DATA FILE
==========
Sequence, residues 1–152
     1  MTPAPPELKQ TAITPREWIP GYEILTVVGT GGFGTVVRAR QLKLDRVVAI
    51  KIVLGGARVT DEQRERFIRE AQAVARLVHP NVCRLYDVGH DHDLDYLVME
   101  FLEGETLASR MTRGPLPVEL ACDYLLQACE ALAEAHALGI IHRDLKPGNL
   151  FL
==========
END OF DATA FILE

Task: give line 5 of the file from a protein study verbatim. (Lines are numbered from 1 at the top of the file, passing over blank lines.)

   151  FL